Main idea: try to allocate similar vectors to similar words from the start (see Goldberg (2015), Sections 5.1-5.3).
Chen and Manning (2014): Figure 4 (middle) shows that using pre-trained word embeddings can obtain around 0.7% improvement on PTB and 1.7% improvement on CTB, compared with using random initialization within (−0.01, 0.01)."
Lebret et al. (2015): "This task confirms the importance of embedding fine-tuning for NLP tasks with a high semantic component. We note that our tuned embeddings leads to a performance gain of about 1% or 2% for NER, while the gain is between about 4% and 8% for the movie review."
Pei et al. (2014): "Previous work found that the performance can be improved by pre-training the character embeddings on large unlabeled data and using the obtained embeddings to initialize the character lookup table instead of random initialization (Mansur et al., 2013; Zheng et al., 2013). [...] We pre-train the embeddings on the Chinese Giga-word corpus (Graff and Chen, 2005). As shown in Table 5 (last three rows), both the F-score and OOV recall of our model boost by using pre-training."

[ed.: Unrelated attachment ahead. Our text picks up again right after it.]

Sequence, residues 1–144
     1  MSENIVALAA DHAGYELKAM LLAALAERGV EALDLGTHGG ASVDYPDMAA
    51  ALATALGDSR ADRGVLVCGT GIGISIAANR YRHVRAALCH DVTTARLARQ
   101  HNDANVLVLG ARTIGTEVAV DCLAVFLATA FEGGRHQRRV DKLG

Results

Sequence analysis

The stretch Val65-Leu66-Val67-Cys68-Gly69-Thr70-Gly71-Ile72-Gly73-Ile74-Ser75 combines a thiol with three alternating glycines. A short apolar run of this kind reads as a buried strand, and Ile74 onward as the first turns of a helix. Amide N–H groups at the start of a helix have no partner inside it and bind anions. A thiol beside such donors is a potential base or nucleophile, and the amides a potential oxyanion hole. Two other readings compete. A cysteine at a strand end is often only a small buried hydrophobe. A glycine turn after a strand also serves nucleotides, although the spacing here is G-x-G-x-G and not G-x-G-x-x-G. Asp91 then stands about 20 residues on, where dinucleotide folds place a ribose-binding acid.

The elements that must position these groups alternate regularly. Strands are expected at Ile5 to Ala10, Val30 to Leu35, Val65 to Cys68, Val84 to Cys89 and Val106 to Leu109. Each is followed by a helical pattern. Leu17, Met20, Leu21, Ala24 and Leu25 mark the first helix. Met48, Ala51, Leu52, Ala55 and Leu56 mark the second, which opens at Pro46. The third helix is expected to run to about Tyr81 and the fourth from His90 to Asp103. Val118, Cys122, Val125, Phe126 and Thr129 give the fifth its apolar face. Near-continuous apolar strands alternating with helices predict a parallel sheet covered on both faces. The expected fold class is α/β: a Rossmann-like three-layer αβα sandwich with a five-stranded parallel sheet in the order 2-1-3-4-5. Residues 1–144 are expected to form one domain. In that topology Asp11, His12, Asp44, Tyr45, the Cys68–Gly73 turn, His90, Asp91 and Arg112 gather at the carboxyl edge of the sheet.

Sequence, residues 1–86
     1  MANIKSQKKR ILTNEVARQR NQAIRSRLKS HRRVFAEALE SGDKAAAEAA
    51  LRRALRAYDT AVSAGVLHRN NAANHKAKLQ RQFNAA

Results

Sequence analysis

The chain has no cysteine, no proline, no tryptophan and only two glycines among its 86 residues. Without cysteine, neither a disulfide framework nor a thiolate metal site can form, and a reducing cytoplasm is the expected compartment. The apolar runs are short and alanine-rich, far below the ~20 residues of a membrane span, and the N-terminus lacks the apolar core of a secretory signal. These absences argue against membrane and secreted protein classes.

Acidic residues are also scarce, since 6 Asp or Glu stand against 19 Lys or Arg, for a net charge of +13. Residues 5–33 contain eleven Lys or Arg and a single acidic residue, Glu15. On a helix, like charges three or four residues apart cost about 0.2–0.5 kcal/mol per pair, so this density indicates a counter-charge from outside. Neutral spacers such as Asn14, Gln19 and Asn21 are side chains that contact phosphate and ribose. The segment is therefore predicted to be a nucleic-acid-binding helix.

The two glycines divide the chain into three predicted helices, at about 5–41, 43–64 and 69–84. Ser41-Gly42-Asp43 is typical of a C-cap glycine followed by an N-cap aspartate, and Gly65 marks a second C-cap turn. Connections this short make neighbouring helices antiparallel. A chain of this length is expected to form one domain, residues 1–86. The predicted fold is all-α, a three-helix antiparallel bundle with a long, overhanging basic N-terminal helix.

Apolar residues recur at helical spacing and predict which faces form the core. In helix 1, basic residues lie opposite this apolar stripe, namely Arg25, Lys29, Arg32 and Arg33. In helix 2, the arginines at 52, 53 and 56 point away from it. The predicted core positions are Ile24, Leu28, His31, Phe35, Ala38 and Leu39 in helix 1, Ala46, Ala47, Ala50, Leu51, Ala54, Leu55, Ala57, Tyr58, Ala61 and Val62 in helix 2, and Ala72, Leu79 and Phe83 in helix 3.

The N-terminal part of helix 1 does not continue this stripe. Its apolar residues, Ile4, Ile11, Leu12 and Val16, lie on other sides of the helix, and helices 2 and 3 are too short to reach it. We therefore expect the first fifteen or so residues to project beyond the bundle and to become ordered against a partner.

Re-embedding words (Labutov and Lipson, 2013): initial ideas when people were starting to explore word embeddings, not used often later.
- Goldberg, Y. (2015). A Primer on Neural Network Models for Natural Language Processing, 1–76.
- Chen, Danqi, and Christopher D. Manning. "A Fast and Accurate Dependency Parser using Neural Networks." EMNLP. 2014.
- Lebret, Rémi, Joël Legrand, and Ronan Collobert. Is deep learning really necessary for word embeddings?. No. EPFL-REPORT-196986. Idiap, 2013.
- Pei, Wenzhe, Tao Ge, and Baobao Chang. "Max-Margin Tensor Neural Network for Chinese Word Segmentation." ACL (1). 2014.
- Labutov, Igor, and Hod Lipson. "Re-embedding words." ACL (2). 2013. PDF